Skip to main content

Current licensing opportunities

Current licensing opportunities

Licensing opportunities for Royal Holloway research.

There are a number of current licensing opportunities available for Royal Holloway research, based on patent applications or granted patents.

The Artibody technology represents a radically different method of designing protein affinity reagents.

Artibodies are polypeptides which bind target proteins by displacing surface exposed elements of the target proteins.

With Artibody technology, some of the surface exposed mobile elements of the protein structure can be displaced by polypeptides with similar or identical sequences. These sequences fit the target protein perfectly, taking advantage of the inherent flexibility in protein structures.

Competitive advantages of the Artibody technology:

  • easy to design Artibody molecules based on the target protein structure or sequence
  • no need to immunise animals, no need to screen huge libraries of recombinant antibodies
  • short polypeptides are easy and cheap to manufacture by chemical synthesis
  • no need for recombinant production, better reproducibility, fewer quality control issues
  • unaffected by denaturing reagents, increased stability compared to immunoglobulins or other protein based affinity reagents
  • smaller size and increased stability makes Artibodies attractive therapeutic drug candidates

We are now looking for partnering opportunities for licensing, consultancy or contract research of PCT patent application no. PCT/GB2010/050838.

For further information contact Joanna Cox, Business Development Manager, BioSciences:

01784 414969

joanna.cox@rhul.ac.uk

 

Work by scientists at Royal Holloway has identified novel therapies for neurological disorders based around the actions of Valproic acid (VPA).

VPA is widely used for the treatment of epilepsy, bipolar disorder and migraine, but its action is poorly understood.

Our scientists used a simple biomedical model to determine several biochemical mechanisms and identify related compounds with substantially higher potency for these effects.

When tested in vitro and in vivo the compounds caused up to a three-fold increase in animal epilepsy seizure protection. We have now patented a range of novel compounds related to the structure of VPA, which we anticipate will show increased efficacy and reduced side-effects in comparison with the parent compound.

We are now looking for commercial partners to develop this further.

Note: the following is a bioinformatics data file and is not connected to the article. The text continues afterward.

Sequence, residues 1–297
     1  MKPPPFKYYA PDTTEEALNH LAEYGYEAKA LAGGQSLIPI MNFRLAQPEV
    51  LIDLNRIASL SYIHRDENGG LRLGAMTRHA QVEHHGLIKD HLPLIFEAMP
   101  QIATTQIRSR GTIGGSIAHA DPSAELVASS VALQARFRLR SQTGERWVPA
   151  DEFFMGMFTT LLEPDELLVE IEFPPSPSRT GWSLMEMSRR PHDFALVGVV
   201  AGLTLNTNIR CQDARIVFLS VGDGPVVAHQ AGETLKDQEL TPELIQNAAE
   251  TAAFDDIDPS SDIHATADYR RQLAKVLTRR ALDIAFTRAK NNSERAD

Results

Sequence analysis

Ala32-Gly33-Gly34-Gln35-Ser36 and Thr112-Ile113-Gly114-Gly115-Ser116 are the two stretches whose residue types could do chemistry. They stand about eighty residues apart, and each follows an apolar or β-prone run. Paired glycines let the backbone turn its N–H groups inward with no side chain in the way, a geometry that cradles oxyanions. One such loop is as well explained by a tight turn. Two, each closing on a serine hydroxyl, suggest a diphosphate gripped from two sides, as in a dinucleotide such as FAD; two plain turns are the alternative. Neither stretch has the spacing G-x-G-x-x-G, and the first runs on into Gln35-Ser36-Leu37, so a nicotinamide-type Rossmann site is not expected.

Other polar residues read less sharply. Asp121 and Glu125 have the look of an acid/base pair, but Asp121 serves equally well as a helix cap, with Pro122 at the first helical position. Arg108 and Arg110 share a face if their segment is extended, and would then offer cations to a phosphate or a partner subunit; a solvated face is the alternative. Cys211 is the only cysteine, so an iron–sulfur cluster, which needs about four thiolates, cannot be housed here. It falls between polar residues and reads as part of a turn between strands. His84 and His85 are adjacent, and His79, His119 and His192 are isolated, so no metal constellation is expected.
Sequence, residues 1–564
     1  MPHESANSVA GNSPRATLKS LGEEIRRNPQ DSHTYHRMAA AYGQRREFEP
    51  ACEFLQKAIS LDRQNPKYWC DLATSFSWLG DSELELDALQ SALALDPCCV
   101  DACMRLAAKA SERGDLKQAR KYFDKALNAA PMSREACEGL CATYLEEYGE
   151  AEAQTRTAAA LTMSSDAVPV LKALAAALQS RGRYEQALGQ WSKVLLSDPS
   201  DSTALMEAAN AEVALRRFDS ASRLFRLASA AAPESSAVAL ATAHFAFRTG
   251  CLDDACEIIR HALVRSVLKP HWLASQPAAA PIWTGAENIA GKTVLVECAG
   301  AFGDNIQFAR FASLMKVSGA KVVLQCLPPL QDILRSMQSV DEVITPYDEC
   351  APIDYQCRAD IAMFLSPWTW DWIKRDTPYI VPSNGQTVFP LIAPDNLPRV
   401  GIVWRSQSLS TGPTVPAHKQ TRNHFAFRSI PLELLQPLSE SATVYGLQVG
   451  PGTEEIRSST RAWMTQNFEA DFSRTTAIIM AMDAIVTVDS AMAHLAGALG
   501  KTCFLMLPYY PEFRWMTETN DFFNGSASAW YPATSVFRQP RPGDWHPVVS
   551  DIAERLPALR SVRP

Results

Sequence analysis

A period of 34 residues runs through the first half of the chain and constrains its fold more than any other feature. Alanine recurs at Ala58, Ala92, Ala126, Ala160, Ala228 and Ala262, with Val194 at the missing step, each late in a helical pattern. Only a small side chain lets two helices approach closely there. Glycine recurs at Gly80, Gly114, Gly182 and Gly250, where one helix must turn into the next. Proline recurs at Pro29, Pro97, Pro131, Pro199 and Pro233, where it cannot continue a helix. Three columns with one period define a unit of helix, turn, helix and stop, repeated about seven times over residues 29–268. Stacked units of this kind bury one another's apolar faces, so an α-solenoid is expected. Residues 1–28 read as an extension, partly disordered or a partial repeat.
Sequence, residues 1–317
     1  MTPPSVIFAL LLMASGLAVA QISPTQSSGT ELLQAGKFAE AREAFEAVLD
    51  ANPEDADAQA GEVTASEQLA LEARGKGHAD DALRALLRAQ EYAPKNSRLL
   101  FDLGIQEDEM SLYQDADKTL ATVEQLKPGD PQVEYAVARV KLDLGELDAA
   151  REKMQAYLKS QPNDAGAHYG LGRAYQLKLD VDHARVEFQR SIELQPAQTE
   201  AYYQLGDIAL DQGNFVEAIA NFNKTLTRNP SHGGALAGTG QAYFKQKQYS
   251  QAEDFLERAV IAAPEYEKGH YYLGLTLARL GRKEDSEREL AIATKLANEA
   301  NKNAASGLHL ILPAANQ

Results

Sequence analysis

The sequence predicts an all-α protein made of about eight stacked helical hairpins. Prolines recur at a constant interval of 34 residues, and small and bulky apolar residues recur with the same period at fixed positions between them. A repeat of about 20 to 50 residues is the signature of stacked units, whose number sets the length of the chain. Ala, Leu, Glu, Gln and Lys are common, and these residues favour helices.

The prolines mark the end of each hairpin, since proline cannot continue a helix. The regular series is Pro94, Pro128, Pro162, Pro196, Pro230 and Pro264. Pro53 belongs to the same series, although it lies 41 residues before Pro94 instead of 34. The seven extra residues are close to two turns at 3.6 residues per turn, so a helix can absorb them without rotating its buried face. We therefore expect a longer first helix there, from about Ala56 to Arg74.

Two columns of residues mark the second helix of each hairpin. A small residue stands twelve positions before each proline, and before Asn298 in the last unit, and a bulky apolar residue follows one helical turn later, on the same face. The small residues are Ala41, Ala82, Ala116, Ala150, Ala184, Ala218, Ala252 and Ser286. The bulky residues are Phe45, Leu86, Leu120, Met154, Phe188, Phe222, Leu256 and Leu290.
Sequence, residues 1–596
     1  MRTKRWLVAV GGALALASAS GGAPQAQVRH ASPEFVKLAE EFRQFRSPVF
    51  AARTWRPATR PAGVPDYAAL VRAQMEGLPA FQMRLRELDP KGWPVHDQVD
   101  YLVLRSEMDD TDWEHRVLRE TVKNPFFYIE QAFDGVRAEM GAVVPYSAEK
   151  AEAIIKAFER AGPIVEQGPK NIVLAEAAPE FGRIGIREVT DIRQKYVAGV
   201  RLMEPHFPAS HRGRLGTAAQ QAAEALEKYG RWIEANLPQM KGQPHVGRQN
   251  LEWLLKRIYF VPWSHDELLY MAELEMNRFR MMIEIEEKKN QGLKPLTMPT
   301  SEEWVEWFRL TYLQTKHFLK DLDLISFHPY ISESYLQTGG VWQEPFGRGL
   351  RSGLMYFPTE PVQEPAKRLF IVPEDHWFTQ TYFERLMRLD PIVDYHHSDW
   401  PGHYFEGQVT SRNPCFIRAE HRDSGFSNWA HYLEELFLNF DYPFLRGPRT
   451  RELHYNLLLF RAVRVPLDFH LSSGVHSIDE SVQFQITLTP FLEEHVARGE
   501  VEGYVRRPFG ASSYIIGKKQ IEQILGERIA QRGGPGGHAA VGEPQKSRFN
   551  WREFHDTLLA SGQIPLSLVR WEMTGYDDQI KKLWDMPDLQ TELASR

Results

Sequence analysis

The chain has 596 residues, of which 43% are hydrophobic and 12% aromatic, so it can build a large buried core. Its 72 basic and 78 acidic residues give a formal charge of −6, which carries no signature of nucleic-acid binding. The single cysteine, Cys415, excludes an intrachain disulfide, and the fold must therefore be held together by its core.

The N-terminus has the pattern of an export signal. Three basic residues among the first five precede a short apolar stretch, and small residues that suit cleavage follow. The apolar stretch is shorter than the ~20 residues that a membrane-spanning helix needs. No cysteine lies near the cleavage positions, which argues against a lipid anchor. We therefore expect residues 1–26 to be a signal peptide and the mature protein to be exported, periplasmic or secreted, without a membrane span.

For further information contact Joanna Cox, Business Development Manager, BioSciences:

01784 414969

joanna.cox@rhul.ac.uk

 

Making use of unusual materials and a novel geometry, scientists from Royal Holloway have fabricated a Quantum non-demolition interference device for ultralow noise ultrasensitive vector magnetometry and as a read out of superconducting quantum circuits.

The device is much more sensitive (*3000) than a conventional SQUID because it does not need an electrical connection to achieve a measurement.

With no introduced noise, measurements can be taken much faster - minutes rather than days. Also, there is no back action so quantum bits can be measured.

The new device is based on the Andreev probe. A number of modifications were carried out to make the probe a complete quantum nondemolition (QND) interference device.

For further information contact Martin Kelly, Head of Research  and Business Development:

01784 414968

martin.kelly@rhul.ac.uk

The RFID Attack Detector (RAD) is an intelligent sniffer (radio receiver) designed to detect attempted attacks on RFID, contactless smart card and NFC-based systems in real time.

The Information Security Group Smart Card Centre has been carrying out research and providing expert advice on detecting attacks on contactless/smartcard systems for several years.

The RAD incorporates this research and expertise into a practical device that can detect unusual physical activity by the device, for example deviations from expected radio frequency or timing behaviour. It can also detect variations from expected interaction protocols, which may be attempts to explore the RFID system protocols and/or obtain cryptographic keys.

The RAD is applicable to many areas where contactless technology is increasingly important and is under continuous scrutiny from hackers.

A working prototype has been built with a realistic form factor for practical deployment and has been successfully demonstrated to RFID technology user organisations.

We are now seeking partners to license or jointly develop the technology, international Patent Application No. PCT/GB2010/000167.

For further information contact David Wells, Business Development Manager, ICT: +44 (0)1784 414931

Explore Royal Holloway

Get help paying for your studies at Royal Holloway through a range of scholarships and bursaries.

There are lots of exciting ways to get involved at Royal Holloway. Discover new interests and enjoy existing ones

Heading to university is exciting. Finding the right place to live will get you off to a good start

Whether you need support with your health or practical advice on budgeting or finding part-time work, we can help

Discover more about our 21 departments and schools

Find out why Royal Holloway is in the top 25% of UK universities for research rated ‘world-leading’ or ‘internationally excellent’

They say the two most important days of your life are the day you were born, and the day you find out why

Discover world-class research at Royal Holloway

Discover more about who we are today, and our vision for the future

Royal Holloway began as two pioneering colleges for the education of women in the 19th century, and their spirit lives on today

We’ve played a role in thousands of careers, some of them particularly remarkable

Find about our decision-making processes and the people who lead and manage Royal Holloway today